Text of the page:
Home PlanetYucaEnvironment Super Typhoon Surigae rapidly intensifies to a Cat. 5 near the Philippines

Super Typhoon Surigae rapidly intensifies to a Cat. 5 near the Philippines

by Yucatan Times
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Super Typhoon Surigae surged in intensity from a Category 1 storm on Friday to a beastly Category 5 monster on Saturday, with maximum sustained winds estimated at 180 mph with higher gusts.

This storm — known as Typhoon Bising in the Philippines — is just the latest of many tropical cyclones to undergo a process known as rapid intensification, a feat that studies show is becoming more common due to climate change.

  • The storm appears destined to recurve out to sea just northeast of the Philippines, sparing the disaster-prone country from its worst impacts, but it will bring heavy rains, high seas and gusty winds to some areas.
  • It may also help shake up weather patterns far downstream, including across North America, over the next few weeks.

The storm maxed out at the top end of the scale according to techniques that meteorologists use to estimate storm intensity via satellites, scoring an 8 out of 8 on one particular metric, which is unusual.

  • Since aircraft do not fly into West Pacific typhoons the way they do in the Atlantic, we may never know how strong Super Typhoon Surigae is, and it’s possible the 180 mph intensity is an underestimate.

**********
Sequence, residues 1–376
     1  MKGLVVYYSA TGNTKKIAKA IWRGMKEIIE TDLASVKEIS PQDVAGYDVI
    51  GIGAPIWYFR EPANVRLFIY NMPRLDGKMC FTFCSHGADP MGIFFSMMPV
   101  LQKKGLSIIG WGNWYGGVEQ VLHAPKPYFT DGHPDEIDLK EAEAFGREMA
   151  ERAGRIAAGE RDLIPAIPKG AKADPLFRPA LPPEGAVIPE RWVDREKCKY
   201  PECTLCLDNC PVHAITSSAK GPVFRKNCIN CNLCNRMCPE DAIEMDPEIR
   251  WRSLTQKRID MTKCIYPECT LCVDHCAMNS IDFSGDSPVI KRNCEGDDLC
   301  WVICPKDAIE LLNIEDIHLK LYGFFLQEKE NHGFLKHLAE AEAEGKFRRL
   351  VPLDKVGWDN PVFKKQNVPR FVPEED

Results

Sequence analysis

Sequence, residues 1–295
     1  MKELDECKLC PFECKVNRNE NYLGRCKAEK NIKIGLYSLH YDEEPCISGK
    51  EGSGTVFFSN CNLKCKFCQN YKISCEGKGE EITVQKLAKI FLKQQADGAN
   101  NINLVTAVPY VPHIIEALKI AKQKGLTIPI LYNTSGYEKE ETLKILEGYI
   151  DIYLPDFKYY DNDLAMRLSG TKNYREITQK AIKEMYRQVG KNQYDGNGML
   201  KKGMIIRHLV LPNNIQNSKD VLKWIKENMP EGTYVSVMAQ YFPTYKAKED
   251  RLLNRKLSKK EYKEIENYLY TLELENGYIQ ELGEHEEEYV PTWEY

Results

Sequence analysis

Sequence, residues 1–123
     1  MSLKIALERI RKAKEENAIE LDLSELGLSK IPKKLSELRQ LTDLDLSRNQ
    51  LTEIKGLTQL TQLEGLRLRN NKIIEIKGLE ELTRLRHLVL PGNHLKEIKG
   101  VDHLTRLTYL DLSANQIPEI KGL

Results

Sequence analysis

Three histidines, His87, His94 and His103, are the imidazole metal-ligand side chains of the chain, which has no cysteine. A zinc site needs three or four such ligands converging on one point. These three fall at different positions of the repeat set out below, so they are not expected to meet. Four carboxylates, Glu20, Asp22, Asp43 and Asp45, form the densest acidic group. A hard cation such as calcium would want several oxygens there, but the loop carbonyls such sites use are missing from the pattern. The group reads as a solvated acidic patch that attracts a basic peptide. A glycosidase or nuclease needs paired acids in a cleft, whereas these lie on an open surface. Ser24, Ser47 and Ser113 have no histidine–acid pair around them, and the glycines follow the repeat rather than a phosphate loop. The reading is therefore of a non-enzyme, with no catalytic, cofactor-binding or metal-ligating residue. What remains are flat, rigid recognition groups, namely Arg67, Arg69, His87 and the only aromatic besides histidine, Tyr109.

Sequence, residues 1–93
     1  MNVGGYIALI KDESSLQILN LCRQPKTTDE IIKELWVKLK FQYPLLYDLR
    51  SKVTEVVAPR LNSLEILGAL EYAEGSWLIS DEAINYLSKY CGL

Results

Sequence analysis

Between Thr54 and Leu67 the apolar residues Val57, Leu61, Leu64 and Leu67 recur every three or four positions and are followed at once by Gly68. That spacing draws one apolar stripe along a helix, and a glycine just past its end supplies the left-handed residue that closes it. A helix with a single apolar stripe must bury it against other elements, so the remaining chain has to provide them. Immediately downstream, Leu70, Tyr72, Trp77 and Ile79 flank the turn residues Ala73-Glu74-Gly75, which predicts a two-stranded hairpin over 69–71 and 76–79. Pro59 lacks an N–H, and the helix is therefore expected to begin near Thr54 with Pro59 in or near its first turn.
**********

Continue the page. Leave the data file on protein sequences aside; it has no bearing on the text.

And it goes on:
The storm is the first Category 5 tropical cyclone (a category that includes hurricanes, typhoons, and cyclones) to occur in 2021. Typically, each year sees about 18 Category 4 and 5 storms around the world.

  • The storm jumped from a 90-mph Category 1 storm Friday to a 180-mph Category 5 super typhoon 24 hours later, a staggering rate of intensification that is more than double the criteria for rapid intensification.
  • Super Typhoons like Surigae feed off warm ocean waters and humid air masses, both of which are increasingly abundant as sea and air temperatures warm in response to human-caused global warming.

The bottom line: Super Typhoon Surigae will pass east of the Philippines on Sunday, April 18th, and be close enough to bring dangerously high surf, heavy rain, and gusty winds to eastern and northeastern portions of the country, including the eastern Visayas.

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